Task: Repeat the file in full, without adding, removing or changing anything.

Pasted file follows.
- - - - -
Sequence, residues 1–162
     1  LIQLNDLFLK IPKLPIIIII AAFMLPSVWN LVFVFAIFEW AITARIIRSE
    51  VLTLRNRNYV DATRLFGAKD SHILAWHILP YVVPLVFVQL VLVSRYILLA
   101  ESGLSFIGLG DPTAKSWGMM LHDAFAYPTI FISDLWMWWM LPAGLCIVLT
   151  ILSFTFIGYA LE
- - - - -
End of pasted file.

Sequence, residues 1–162
     1  LIQLNDLFLK IPKLPIIIII AAFMLPSVWN LVFVFAIFEW AITARIIRSE
    51  VLTLRNRNYV DATRLFGAKD SHILAWHILP YVVPLVFVQL VLVSRYILLA
   101  ESGLSFIGLG DPTAKSWGMM LHDAFAYPTI FISDLWMWWM LPAGLCIVLT
   151  ILSFTFIGYA LE